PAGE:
Arguing the Pros and Cons of Drug LegalizationI'm all for...

LETTERS TO THE EDITOR

October 10, 1992

Arguing the Pros and Cons of Drug Legalization

I'm all for the legalization of drugs. However, I think Mayor Kurt L. Schmoke is making a big mistake when he proposes to decriminalize drugs by medicalizing addiction ("Treating Drugs as a Public Health Problem," The Sun, Sept. 27).

The American Medical Association notwithstanding, addiction is no more a disease than being a politician is.

In refusing to examine the evidence against the disease-model of addiction (e.g., "The Truth About Addiction and Recovery" by Stanton Peele et al., Simon and Schuster, 1991), the mayor encourages us to pursue a course of action similar to that following the repeal of alcohol prohibition, which saw the birth of Alcoholics Anonymous and the disease model of alcoholism.

On the surface, it appeared that medicalization proposals such as these contrasted sharply with temperance-era perspectives on alcoholism as a sin and alcohol as a universally-addicting substance.

We know now that the medical and temperance-models of addiction have much more in common with one another than psycho-social perspectives contesting both. In suggesting that the war on drugs be led by the Surgeon General, Mayor Schmoke is, perhaps inadvertently, stating that the primary focus of drug-addiction policy should be physiological factors within the drug user, the chemical properties of the drugs themselves and a religious-conversion experience, the foundation of most "treatment" for drug addiction.

I hope that in his calling for "the appointment of a national commission of unbiased medical professionals . . . ," the substantial scientific research findings contesting the disease-model of addiction will be taken into consideration. If they are not, the commission can hardly be considered unbiased.

Moreover, that "marijuana should be made immediately available for medical use, as should other drugs that are proven to have medical benefits," is unfortunately a drug-legalizer's red-herring.

Who is to decide what constitutes "proven medical benefits"? Philosophical bias pervades the medical profession. I am afraid this can only mean what biased, ethnocentric, allopathic physicians deem is appropriate. The situation is decidedly more complicated than Mayor Schmoke seems to realize.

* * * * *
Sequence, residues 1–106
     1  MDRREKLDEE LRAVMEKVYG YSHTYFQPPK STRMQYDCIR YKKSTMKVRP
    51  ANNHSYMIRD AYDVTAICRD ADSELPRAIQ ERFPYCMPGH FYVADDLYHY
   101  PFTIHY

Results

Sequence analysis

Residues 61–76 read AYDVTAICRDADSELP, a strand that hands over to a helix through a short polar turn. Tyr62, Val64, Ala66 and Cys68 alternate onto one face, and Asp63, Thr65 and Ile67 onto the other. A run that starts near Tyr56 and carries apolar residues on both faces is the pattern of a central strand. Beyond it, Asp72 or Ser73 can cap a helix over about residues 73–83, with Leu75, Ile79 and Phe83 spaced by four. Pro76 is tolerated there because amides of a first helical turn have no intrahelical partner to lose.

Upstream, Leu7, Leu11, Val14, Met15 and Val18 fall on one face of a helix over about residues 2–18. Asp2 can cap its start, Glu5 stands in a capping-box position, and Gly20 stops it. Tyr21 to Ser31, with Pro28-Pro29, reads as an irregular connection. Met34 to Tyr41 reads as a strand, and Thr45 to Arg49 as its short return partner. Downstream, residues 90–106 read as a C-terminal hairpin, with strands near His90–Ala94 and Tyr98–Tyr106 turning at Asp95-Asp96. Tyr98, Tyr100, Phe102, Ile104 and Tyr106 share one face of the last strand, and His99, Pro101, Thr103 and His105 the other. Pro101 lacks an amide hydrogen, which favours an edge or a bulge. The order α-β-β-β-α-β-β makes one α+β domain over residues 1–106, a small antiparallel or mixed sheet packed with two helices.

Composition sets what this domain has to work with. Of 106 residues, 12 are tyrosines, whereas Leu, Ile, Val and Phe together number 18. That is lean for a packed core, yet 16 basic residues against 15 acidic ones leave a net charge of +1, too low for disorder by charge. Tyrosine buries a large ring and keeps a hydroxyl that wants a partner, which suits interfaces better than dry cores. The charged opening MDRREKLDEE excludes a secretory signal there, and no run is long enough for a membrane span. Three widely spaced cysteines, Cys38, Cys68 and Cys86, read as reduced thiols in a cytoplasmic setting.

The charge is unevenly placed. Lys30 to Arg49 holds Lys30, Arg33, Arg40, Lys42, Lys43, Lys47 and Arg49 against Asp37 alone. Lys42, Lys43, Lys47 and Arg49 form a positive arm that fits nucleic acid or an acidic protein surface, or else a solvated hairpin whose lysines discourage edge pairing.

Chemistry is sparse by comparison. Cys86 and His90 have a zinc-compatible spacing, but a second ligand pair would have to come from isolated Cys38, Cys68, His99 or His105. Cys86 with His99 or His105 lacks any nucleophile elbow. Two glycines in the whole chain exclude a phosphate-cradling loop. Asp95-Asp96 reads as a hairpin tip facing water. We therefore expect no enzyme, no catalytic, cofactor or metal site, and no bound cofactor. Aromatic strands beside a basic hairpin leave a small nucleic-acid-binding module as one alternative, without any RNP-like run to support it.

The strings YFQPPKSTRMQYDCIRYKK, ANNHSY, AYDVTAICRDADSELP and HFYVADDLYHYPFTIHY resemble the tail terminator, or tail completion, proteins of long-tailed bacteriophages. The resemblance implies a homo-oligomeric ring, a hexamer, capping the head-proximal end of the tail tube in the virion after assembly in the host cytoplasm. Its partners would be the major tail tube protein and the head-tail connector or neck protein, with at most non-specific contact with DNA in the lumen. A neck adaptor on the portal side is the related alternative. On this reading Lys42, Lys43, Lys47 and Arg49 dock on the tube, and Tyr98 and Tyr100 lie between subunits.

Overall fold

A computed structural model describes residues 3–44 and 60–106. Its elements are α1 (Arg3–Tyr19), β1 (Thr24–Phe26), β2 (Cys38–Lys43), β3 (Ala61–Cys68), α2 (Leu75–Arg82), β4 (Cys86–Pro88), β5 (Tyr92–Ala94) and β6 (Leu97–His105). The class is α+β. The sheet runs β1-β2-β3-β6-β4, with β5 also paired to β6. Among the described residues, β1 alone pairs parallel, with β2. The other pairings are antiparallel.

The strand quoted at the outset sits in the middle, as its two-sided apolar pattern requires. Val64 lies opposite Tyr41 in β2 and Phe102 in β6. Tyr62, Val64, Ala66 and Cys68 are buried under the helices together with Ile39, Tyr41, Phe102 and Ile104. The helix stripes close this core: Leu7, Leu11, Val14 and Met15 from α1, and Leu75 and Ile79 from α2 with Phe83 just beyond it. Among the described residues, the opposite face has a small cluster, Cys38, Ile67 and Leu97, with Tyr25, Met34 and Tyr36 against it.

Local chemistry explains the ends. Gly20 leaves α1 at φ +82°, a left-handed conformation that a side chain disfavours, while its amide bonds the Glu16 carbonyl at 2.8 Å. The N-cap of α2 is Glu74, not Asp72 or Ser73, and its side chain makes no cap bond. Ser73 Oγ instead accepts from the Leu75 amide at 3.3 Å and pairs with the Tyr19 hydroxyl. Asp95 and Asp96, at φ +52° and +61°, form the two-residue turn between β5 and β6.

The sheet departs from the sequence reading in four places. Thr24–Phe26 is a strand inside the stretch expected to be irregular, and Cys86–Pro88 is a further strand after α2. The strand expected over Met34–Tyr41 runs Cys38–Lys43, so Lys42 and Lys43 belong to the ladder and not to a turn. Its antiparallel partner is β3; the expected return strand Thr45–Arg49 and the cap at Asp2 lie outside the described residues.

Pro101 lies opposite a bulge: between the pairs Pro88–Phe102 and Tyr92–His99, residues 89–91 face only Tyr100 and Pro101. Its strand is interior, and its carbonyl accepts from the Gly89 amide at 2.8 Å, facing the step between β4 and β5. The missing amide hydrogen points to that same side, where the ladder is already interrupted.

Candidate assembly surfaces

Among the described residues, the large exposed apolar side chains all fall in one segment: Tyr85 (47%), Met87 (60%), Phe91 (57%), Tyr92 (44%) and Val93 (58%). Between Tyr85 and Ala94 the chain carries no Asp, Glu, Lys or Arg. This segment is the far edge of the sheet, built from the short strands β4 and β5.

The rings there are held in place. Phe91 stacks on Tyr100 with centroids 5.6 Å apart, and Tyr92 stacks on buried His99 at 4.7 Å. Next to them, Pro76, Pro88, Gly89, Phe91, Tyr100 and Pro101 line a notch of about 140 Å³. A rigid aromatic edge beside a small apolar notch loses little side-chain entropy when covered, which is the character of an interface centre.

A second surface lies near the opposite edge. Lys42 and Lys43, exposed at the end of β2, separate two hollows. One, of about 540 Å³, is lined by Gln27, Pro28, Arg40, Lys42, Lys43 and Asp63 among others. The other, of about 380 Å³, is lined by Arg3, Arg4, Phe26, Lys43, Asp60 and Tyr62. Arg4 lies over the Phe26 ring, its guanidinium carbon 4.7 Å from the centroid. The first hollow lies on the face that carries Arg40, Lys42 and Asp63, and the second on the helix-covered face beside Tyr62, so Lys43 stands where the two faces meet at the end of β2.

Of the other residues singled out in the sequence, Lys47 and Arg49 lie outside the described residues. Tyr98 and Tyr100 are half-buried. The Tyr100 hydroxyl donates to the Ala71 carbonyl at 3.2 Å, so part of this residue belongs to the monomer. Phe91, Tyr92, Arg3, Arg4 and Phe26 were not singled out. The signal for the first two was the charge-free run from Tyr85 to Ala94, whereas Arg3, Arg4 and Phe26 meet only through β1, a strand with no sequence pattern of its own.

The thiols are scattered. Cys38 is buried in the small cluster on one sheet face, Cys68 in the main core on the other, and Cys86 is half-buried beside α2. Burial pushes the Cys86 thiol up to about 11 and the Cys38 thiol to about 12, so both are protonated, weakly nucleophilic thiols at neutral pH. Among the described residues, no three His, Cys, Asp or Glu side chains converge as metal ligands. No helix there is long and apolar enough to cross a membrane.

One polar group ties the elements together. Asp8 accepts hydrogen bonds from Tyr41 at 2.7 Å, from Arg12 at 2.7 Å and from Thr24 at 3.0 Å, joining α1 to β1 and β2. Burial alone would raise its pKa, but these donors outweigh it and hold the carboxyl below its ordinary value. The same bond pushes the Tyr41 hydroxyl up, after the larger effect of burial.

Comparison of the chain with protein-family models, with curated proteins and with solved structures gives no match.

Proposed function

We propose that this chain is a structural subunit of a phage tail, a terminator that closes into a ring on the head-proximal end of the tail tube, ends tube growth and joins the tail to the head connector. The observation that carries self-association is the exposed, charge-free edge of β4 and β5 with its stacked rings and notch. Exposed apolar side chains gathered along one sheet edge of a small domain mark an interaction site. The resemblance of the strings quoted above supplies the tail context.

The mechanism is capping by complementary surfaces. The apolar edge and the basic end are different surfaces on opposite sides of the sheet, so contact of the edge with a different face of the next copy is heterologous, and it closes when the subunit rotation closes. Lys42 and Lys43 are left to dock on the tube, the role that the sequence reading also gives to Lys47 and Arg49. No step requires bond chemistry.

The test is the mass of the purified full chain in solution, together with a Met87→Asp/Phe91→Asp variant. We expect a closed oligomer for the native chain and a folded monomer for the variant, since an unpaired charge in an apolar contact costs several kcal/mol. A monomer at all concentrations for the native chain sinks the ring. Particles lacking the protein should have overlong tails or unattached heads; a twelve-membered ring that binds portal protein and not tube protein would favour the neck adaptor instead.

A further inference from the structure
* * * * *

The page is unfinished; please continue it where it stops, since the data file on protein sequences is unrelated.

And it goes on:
The inhumane laws prohibiting the use of any drugs should be struck down for the one reason Mayor Schmoke, as well as his alleged adversaries, find most objectionable: People have a right to use drugs. Federal "drug czars," mayors and doctors have no right to protect people from themselves.

Jeffrey A. Schaler

Silver Spring

____________ Four years ago, Mayor Kurt L. Schmoke put forth the controversial idea that drugs should be decriminalized. He was hoping, at least, to thrust the idea into the national dialogue.

The Sun, at the time, didn't endorse the idea but has recently reversed its resistance to it.

Sun columnist Michael Olesker has written two columns that would seem to agree that, yes, it is time for the dialogue to begin.

Olesker wrote a mini-bio -- a profile of a mid-level drug dealer who makes $350,000 a year selling drugs to his underlings. His money is gone -- on cars, wild weekends at the Ramada Hotel and other self-improvements. When asked about the idea of decriminalization and how it would affect his life, he answered, "It would put me out of business."

"When?"

"Tomorrow."

Could it possibly be so simple to eliminate the value of a cheap substance and, therefore, the violence of the trade in that substance? Overnight? Let's take the chance.

There is a school of anthropology which says, curiously, in many differing societies in many different centuries, a figure of about six percent of the members of those unrelated cultures chose to indulge in self-destructive behavior. That behavior could be over-eating, sexual indulgence, sociopathic aggression or drug abuse.

The figure of 6 percent is a stable one -- unless the abused substance is outlawed and thus given an artificial value, the kind of value we see in our neighborhoods. Then the percentage of abusers explodes.

The drugs themselves are relatively cheap to produce; it's only the illegality of them that makes them expensive.

That expense makes it necessary for a dealer to market -- to push -- his product to more and more new users, who then need more and more of their "friends" to buy from them, making more users turn into more pushers. And the beat goes on.

Make Hershey bars illegal. I'm convinced that there are some crazies among us who, when they ate their last one, would hit you over the head to get yours.

Soon after, the vermin would move in to capitalize on the chocoholic's addiction, find an illegal supply and make your next illegal bar cost $800.

How many muggings, car thefts, carjackings, policemen shot, babies shot on front stoops and other drug-involved atrocities must we endure before reason breaks out?

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